It is, perhaps, synchronistic that - on the same night that NOM posted this article to their FaceBook profile - I caught a fabulous documentary on HBO called Love Crimes of Kabul.  It was a truly eye-opening introduction into a female-oppressive society in which marriage, sex, familial duty, societal honor, and the penal codes are each culturally fused; indeed, this is one of the few societies in which a "Marriage Culture" akin to that opined by Maggie Gallagher-Srivastav may be properly observed.  According to Islamic Sharia Law premarital sex is illegal and can lead to a prison term spanning as little as one year and as much as fifteen years!  This is because a female's virginity is highly valued in the consideration of an appropriate "bride price" when one's father negotiates a marriage arrangement for his daughter in an effort to substantiate his private wealth through his own daughter - weather or not the sex was consensual, or if it was merely anal intercourse (a form of birth control) is of no consequence; if the female has already been "known" carnally her value has already been greatly depreciated.  Depending on the offense, however, and the level of dishonor one's own family may be experiencing, they may make an attempt on their daughter's life upon her release from prison - an act known as an "honor killing", which is quite legal.  Even simply falling in love with a boy whom your parents have not arranged for you to marry is considered a punishable offense amid Afghan patrilocal culture.  Moreover, in accord with Afghan culture, a male usually feels a societal obligation to marry a female after intercourse has taken place due to the esteem in which the "institution of marriage" is held.  Surprising, if a woman flees from her husband's home, even under the duress of physical violence, she is legally prosecuted as a criminal that may have engaged in premarital sex, and a prison sentence is subsequently imposed.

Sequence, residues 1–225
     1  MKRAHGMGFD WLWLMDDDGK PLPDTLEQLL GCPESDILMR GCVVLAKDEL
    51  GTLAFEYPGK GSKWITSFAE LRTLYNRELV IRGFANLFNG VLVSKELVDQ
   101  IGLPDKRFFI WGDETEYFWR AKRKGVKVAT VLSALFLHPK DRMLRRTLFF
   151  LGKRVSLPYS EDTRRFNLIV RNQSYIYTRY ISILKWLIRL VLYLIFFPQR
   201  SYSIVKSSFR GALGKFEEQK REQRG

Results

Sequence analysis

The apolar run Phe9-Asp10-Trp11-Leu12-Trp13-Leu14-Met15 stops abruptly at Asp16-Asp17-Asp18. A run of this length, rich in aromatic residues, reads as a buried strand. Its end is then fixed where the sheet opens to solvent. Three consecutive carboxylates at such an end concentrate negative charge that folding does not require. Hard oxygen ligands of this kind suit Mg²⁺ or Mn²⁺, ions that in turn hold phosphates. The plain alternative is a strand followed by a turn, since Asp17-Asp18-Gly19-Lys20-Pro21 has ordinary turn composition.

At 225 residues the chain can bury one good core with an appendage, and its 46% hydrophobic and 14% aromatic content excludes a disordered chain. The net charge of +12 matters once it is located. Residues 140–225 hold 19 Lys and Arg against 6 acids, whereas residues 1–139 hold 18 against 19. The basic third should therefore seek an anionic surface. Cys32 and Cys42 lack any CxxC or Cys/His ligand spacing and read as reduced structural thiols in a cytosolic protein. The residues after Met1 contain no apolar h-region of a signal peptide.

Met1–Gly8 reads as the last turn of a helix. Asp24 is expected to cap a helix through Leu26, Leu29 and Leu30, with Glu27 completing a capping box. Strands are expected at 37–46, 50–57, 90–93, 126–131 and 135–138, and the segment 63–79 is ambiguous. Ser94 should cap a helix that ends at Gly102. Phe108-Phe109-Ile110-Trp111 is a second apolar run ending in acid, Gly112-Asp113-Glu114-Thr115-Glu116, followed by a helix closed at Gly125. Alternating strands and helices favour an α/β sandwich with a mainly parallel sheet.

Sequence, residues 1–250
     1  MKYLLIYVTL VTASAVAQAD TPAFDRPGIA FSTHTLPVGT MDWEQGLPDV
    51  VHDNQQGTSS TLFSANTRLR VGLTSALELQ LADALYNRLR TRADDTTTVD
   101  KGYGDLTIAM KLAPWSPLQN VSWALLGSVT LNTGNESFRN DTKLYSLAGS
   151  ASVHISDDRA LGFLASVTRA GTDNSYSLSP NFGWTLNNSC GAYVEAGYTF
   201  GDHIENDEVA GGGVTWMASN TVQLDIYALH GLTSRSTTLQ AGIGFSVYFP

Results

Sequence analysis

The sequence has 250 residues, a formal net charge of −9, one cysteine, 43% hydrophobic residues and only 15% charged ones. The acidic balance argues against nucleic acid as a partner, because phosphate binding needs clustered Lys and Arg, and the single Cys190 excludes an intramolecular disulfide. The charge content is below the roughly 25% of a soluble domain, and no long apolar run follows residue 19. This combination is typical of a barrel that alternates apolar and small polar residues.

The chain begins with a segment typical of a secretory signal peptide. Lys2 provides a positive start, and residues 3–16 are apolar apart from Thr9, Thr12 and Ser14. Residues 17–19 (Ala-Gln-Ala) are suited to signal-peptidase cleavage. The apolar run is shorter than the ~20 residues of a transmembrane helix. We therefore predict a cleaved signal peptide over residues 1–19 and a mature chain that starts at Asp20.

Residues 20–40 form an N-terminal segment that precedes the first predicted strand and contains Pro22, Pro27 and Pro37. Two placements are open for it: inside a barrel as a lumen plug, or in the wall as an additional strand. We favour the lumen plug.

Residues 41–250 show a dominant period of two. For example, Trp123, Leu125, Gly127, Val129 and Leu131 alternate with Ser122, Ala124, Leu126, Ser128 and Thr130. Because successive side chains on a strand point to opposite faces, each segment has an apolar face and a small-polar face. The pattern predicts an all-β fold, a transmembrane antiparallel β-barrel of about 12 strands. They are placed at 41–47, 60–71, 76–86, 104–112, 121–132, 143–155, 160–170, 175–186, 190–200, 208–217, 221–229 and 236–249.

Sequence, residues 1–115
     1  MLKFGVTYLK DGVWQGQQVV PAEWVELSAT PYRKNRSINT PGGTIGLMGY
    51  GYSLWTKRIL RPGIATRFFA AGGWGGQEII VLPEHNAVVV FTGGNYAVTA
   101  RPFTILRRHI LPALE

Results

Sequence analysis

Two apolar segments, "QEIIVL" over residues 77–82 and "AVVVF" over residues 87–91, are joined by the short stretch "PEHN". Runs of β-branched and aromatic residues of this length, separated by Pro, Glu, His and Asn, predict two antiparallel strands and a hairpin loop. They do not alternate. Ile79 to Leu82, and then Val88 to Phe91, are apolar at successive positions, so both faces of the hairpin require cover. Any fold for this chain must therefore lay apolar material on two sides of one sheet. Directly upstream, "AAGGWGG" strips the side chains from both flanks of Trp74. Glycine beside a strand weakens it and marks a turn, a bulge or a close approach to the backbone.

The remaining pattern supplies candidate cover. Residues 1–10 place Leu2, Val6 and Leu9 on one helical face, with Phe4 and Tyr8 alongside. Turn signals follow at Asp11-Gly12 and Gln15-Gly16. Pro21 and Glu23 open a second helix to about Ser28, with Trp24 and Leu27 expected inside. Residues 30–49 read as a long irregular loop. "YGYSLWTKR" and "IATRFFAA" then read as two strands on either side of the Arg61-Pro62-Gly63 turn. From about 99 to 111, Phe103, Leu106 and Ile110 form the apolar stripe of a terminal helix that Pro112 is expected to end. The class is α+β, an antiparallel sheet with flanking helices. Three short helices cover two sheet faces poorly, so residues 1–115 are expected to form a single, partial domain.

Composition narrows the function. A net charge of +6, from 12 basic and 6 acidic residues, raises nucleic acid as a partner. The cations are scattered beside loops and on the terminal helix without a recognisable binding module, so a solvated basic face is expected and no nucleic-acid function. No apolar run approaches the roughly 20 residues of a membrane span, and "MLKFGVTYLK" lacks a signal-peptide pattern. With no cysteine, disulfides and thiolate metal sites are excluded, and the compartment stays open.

It may be shocking to most Americans to learn that there have been similar culturally and legally imposed "marriage" institutions in our own country.  Prof. of Family History (Evergreen State College), Stephanie Coontz tells us, "The wife...was legally responsible for providing services in and around the home, but she had no comparable rights to such services.  That is why a husband could sue for loss of consortium if his spouse were killed or incapacitated, but a wife in the same situation could not.  And, because sex was one of the services expected of a wife, she could not charge her husband with rape".  This, presumably, meant that a husband could sue his own wife should she flee from his home, even if he were violent and abusive towards her!  Even as late as 1964 the American Medical Association had the audacity to publish an article in which beating one's wife was an acceptable method for punishing an aggressive spouse for allegedly "castrating  activity" so that one's husband might "re-establish his masculine identity" (Coontz).  Furthermore, gender inequality within Civil Marriage laws was ultimately intended "to reinforce differences in wealth and power and to establish distinct and unequal roles for men and women under the law" (Ibid.), because marriage has been historically about property and power in which - as our Afghan coevals dutifully attest - parents' arranged their children's marriages in order to forge a political or financial alliance, to expand upon the familial labor-force (businesses were often a trade-skill), or to seal a business deal.  This patriarchal notion of "traditional marriage" began to change about two hundred years ago when individuals started to believe that they had a right to choose their own marital partner.